Many NPD individuals suffer from depression, thoughts of suicide, repeated failed relationship issues, and trouble at work or school. The majority of individuals with NPD in our society will never be officially diagnosed with the disorder. Therefore, learning to identify the traits and characteristics of individuals with NPD can help us protect our families and ourselves.<quoted text>
I don't preach that what I read in books is sacred to me and therefore has to be perceived as sacred to others.
That is the difference.
I post quotes from many different authors on many different subjects, and even I don't always agree with the contents of what I post.
Bible thumpers take ONLY favorite scriptures from the bible and ignore the other scriptures as though they don't exist.
You don't play fair at all, and you seem to believe that habit is the stuff of holiness???
I think NOT.
The DSM-IV-TR defines Narcissistic Personality Disorder (NPD) as “an all-pervasive pattern of grandiosity (in fantasy or behavior), need for admiration or adulation, and lack of empathy, usually beginning by early adulthood and present in various contexts,” such as family life and work. Dr. Sam Vaknin in his book “Malignant Self-Love” provides the following list of nine (9) narcissistic traits of which an individual needs to possess at least five (5) before being diagnosed with NPD.
1. Feels grandiose and self-important (e.g., exaggerates accomplishments, talents, skills, contacts, and personality traits to the point of lying, demands to be recognized as superior without commensurate achievements);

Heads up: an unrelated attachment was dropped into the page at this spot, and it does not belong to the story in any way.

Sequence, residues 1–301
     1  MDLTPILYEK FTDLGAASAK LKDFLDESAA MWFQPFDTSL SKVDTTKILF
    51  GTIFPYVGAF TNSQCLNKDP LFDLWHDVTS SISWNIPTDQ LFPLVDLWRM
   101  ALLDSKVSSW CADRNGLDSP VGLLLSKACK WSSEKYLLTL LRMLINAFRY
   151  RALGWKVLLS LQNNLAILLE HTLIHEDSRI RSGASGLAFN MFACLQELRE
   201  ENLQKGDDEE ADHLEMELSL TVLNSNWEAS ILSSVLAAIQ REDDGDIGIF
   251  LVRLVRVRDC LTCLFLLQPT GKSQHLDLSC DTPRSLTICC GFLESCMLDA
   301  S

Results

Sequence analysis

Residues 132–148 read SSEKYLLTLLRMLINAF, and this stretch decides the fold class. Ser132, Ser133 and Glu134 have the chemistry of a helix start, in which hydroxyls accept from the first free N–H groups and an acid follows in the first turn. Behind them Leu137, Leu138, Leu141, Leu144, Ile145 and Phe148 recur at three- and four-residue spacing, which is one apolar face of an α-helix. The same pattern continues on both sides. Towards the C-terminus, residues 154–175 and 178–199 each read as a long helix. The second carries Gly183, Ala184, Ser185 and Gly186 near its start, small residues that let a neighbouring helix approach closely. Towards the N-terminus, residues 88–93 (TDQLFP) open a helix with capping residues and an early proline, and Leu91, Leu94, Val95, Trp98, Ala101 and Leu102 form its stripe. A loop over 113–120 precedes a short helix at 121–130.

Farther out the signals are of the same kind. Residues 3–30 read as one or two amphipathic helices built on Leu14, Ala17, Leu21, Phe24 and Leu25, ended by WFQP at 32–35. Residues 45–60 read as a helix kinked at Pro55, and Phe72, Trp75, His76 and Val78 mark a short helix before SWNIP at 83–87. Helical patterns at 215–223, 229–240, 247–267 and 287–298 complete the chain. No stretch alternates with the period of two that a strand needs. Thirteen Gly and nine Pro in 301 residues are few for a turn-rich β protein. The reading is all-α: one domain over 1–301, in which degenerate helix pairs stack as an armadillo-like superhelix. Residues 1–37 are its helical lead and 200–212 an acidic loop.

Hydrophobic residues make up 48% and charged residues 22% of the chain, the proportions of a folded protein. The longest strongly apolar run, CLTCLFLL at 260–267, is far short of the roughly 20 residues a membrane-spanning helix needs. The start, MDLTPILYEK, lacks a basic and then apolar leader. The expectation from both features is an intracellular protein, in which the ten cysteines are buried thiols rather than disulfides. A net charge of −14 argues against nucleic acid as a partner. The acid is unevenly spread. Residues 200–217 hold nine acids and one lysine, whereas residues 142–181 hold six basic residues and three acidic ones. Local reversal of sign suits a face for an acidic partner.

2. Is obsessed with fantasies of unlimited success, fame, fearsome power or omnipotence, unequalled brilliance (the cerebral narcissist), bodily beauty or sexual performance (the somatic narcissist), or ideal, everlasting, all-conquering love or passion;
3. Firmly convinced that he or she is unique and, being special, can only be understood by, should only be treated by, or associate with, other special or unique, or high-status people (or institutions);
4. Requires excessive admiration, adulation, attention and affirmation or, failing that, wishes to be feared and to be notorious;
5. Feels entitled. Demands automatic and full compliance with his or her unreasonable expectations for special and favorable priority treatment;
6. Is interpersonally exploitative and uses others to achieve his or her own ends;
[7. Devoid of empathy. Is unable or unwilling to identify with, acknowledge, or accept the feelings, needs, preferences, priorities, and choices of others;]
8. Constantly envious of others and seeks to hurt or destroy the objects of his or her frustration. Suffers from persecutory (paranoid) delusions, as he or she believes that they feel the same about him or her and are likely to act similarly;
9. Behaves arrogantly and haughtily. Feels superior, omnipotent, omniscient, invincible, immune,“above the law”, and omnipresent (magical thinking). Rages when frustrated, contradicted, or confronted by people he or she considers inferior to him or her and unworthy.